Materials Jasmine brown rice samples (Oryza sativa cultivar Kao Dok Mali 105) were obtained by dehulling the Jasmine rough rice purchased from the Department of Agricultural Product Technology, Mahasarakham University, Mahasarakham, Thailand.

Proximate Analysis The chemical compositions were determined by the standard methods of AOAC [4]. The moisture content was done by drying in an oven at 105°C until constant weight, ash content was determined using a muffle furnace temperature at 550º C, protein content was evaluated by the Kjeldahl method, using 5.95 as the conversion factor, and crude fat was determined by Soxhlet extraction method. Textural property of cooked rice The texture of cooked rice was evaluated by adopting the method of [5] and [6] with some modifications using the Texture profile analysis (TPA) (TA-XT2i Texture Analyzer, D.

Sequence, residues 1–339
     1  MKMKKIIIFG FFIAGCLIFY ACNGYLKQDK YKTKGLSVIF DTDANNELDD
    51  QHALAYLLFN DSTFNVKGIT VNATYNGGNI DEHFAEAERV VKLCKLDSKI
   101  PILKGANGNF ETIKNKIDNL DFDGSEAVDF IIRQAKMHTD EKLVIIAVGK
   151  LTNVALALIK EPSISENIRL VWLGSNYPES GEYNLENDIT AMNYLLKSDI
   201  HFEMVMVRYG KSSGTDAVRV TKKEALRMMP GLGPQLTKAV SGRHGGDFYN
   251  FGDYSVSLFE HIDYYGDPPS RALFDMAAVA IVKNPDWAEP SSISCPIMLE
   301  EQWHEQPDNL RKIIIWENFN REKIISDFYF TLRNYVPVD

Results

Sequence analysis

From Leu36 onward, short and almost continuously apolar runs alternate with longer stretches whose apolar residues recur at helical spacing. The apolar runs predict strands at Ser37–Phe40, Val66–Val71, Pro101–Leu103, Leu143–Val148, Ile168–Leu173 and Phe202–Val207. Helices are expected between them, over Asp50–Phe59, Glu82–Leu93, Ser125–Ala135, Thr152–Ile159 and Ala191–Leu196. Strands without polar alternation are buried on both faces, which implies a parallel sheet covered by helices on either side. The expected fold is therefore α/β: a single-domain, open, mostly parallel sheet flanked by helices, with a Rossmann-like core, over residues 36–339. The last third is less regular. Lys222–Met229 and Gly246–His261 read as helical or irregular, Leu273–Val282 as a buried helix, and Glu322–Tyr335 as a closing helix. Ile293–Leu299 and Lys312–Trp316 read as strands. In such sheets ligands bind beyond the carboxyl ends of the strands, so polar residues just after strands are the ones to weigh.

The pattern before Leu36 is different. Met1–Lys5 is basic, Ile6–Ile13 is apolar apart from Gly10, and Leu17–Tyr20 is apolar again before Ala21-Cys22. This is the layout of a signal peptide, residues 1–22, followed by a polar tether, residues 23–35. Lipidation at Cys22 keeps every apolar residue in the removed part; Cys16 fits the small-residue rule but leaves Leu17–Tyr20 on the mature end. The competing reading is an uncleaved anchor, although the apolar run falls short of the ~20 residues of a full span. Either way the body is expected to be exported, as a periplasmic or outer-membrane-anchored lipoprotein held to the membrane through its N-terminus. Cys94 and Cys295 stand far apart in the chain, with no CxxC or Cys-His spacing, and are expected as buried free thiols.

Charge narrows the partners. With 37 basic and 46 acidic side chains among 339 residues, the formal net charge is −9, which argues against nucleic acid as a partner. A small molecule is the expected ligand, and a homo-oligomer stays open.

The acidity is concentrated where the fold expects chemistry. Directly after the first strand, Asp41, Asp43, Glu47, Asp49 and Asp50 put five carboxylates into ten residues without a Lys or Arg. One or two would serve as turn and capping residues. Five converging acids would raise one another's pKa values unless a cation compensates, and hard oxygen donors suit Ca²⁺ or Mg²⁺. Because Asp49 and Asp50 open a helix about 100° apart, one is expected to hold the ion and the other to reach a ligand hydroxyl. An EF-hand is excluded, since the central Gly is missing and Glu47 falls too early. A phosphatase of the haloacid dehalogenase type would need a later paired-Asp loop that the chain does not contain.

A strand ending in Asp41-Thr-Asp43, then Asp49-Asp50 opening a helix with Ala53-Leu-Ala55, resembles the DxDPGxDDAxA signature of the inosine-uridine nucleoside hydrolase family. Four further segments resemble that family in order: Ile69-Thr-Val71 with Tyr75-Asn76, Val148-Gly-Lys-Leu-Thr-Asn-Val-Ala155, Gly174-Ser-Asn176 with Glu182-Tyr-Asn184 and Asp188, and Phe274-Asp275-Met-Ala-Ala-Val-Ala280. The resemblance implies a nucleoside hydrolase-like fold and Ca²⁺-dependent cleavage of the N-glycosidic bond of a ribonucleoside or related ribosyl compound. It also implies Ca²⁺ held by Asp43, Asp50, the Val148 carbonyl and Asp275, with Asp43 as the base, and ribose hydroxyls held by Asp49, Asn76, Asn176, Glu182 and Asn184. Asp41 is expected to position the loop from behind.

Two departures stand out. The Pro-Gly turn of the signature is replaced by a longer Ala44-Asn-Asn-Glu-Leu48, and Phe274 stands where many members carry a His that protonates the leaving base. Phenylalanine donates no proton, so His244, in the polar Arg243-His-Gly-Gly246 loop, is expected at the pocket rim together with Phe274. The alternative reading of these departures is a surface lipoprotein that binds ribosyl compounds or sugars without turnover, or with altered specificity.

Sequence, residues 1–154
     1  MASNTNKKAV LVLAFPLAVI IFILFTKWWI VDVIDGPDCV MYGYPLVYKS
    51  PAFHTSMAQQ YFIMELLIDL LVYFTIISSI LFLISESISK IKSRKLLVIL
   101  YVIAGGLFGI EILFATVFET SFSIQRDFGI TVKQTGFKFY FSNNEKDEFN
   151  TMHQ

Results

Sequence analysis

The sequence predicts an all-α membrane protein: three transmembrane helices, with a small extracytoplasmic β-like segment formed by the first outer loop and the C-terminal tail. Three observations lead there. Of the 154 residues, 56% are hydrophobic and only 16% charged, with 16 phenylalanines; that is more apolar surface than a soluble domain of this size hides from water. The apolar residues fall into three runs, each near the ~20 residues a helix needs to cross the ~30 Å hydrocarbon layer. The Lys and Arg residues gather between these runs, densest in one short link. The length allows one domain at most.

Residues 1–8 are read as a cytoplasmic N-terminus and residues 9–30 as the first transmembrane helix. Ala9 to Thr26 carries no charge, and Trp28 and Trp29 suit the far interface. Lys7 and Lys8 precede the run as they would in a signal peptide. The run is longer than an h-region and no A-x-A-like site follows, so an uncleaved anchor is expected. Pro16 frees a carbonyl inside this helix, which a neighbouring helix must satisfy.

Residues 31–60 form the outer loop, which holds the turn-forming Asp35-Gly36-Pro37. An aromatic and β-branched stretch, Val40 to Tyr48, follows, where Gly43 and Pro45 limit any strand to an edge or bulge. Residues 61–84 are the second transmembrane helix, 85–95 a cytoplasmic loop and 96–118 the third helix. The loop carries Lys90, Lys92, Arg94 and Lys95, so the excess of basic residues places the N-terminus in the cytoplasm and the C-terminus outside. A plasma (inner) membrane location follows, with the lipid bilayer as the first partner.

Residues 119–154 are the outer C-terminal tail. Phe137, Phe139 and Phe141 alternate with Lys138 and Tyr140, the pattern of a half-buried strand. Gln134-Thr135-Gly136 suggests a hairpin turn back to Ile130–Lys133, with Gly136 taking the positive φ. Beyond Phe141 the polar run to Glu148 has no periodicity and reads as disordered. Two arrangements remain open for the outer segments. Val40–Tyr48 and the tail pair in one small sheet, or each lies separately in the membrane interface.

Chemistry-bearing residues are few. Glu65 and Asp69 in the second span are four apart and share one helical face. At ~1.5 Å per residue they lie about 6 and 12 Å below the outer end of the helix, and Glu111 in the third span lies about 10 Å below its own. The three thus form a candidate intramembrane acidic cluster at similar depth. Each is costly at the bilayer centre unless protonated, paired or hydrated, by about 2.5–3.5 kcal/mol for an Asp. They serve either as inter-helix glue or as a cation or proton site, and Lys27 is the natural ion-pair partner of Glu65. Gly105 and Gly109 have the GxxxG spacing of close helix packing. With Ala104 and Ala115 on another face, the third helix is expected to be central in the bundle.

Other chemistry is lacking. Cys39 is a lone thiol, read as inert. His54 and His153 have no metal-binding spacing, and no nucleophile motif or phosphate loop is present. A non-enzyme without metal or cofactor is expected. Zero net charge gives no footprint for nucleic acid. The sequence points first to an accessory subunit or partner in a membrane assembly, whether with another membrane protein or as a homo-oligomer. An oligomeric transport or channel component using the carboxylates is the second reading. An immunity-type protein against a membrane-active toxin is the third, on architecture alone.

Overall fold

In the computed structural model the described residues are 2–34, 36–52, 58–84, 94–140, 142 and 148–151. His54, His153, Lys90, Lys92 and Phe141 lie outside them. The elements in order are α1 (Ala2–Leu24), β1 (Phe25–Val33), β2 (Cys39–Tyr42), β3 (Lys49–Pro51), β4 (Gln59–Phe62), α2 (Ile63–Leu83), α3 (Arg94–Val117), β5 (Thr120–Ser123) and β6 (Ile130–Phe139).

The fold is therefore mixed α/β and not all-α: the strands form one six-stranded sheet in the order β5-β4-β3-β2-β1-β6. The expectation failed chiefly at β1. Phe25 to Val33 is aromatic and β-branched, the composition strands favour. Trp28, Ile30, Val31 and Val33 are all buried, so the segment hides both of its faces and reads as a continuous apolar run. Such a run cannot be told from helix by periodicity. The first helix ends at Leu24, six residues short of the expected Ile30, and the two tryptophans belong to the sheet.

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49±1.01 Moisture 8. Unlike white rice.12 1. water to rice ratio affected on degree of gelatinization as shown in Fig 2.83% to 8.03±1. chewiness and cohesiveness of cooked brown rice.25±0.56±0.11% respectively.06 8.93±0. 98 ml of distilled water was added and KOH 10 M 2.4 ml followed by 10 ml of distilled water and 0. The sample (0.12±0. Chicago.23 Ash 1.15 8.27±0.01 0. Degree of gelatinization The degree of gelatinization was measured according to the method reported by [7].. A standard two-cycle program was used to compress the gels for a distance of 10 mm at a crosshead speed of 2 mm/ min. TABLE II.16 8.25±0. F.25±0.1 ml of iodine solution.27 to 1.45±0.22b 8.41±0. INC.29 8. and springiness values. A.01 b a Springiness 0.07 0.0 SPSS.00 0. water to rice ratio affected on hardness. Godalming. rice was completely cooked and yielded the desired texture [10] and [11]. Statistical analysis Analysis of variance (ANOVA) and Duncan’s new multiple range test (DMRT) were used to evaluate the effect of cooking methods on compositions and physicochemical properties of brown rice using SPSS statistical software (version 10.04 2.45%.83±0.28 a. PROXIMATE COMPOSITION (%) OF COOKED BROWN RICE SAMPLES FROM DIFFERENT COOKING METHODS Chemical composition (%) Protein 8.73 to 2. respectively..0 ml) was pipetted and added with hydrochloric acid 0.29 1.43 Effect of water to rice ratio on physicochemical properties and degree of gelatinization The results are showed in Table III. The water to rice ratio of 2:1 yielded the hardest in texture which may be due to the cooking water was not enough for the gelatinization of starch to completely take place whereas in the water to rice ratio of 3:1 and 4:1. The degree of gelatinization of cooked rice form different cooking method was ranged from 90. There were not different in cohesiveness.06±0.03 1. The mean values of the degree of gelatinization of cooked rice were ranged from 84.24±0. temperature.50±0.05±0. The degree of gelatinization of standard starch was prepared as the same manners of sample to obtain the standard curve of rice and applied to calculate degree of gelatinization of sample.47 Chemical compositions Brown rice is a healthy fiber and vitamin rich food with a multitude of health benefits.Texture Technologies Corp.35±0. Texture profiles analysis Table II shows the textural characteristics of cooked rice obtained from differential cooking methods. Furthermore. UK) with a texture expert software program. chewiness and springiness were derived from the instrument software.37±0.85±0.61±0. The degree of gelatinization of cooked rice tended to decrease with decreasing the ratio of water to D. These results were similar to those reported [8].08b a.05 B.69% and 2.16±0.27±0.0 ml and then mixed for 5 minutes prior to centrifugation at 3000 rpm for 15 min.43 2. E.05). The protein and fat contents were ranged from 6.19 a 2.21 1. amount of water and process [9]. The mixture was homogenized then measuring the absorbance at 600 nm.05% to 99.01 1.. However.09 a Fiber 1.17 0. The hardness values of cooked rice were ranged from 9. Rice cooked by the conventional method indicated a lower amount of protein and fat than those of other methods.33 1. using a 35 mm cylindrical probe with a flat end. III. the eating quality of cooked rice depends on several factors such as time. The supernatant (1.96% to 999. RESULTS AND DISCUSSION Conventional Steaming Electric cook 6. TEXTURE PROFILE OF COOKED BROWN RICE SAMPLES FROM DIFFERENCE COOKING METHODS Texture Profile Hardness 12.11±0.42% and 1.26 a 12.01 0. V1-2 . cohesiveness. this may due to the water was drained off during the process.41 a Cooking methods Microwave Conventional Steaming Electric cook Cohesiveness 0.35±0.34±0.06±0.37±0. NY/Stable Micro Systems.71 N to 12. Surrey.39±0. all of which have resulted in the hardness and other cooking aspects of cooked rice [12].73±0.05 Cooking Methods Microwave Fat 2. ranged from 1.b 2.42±0. Means within columns followed by the same letter are not significant different at p< 0.69±0. The cooked rice was dried in oven at 58°C and ground through the sieve (80 mesh).05).65 9. The proximate chemical compositions of brown rice different cooking method were calculated on dry basis and listed in Table I.b a. Scarsdale. C. respectively.18 Chewiness 1. Degree of gelatinization The effect of cooking methods on degree of gelatinization and effect of ratio of rice to water on degree of gelatinization of rice by electric cooker are shown in Fig 1 and 2.55 0. Cooked rice was determined immediately after cooked and cooled down to approximately 30°C.18b 2. TABLE I. chewiness.58 a a.2g) was prepared in 125 ml Erlenmeyer flasks. USA)) at 95% confidence level (p < 0. Texture parameters of hardness.32%.12% to 2.5M 0.36±0. The gelatinization of starch is depending on time .5±0. Brown rice cooked by different cooking methods presented similar mean values for ash and crude fiber contents.56±1. which cooked rice with steaming method has degree of gelatinization less than another sample (p< 0. The hardness of cooked rice by the microwave and steaming method were harder than those by conventional and electric rice cooking method.12 0. brown rice only has the outermost layer of the rice kernel removed and left much of the nutritional value of the rice intact.56 N.71±1.89%. and stir in a process.42±0. Means within columns followed by the same letter are not significant different at p< 0.31 10.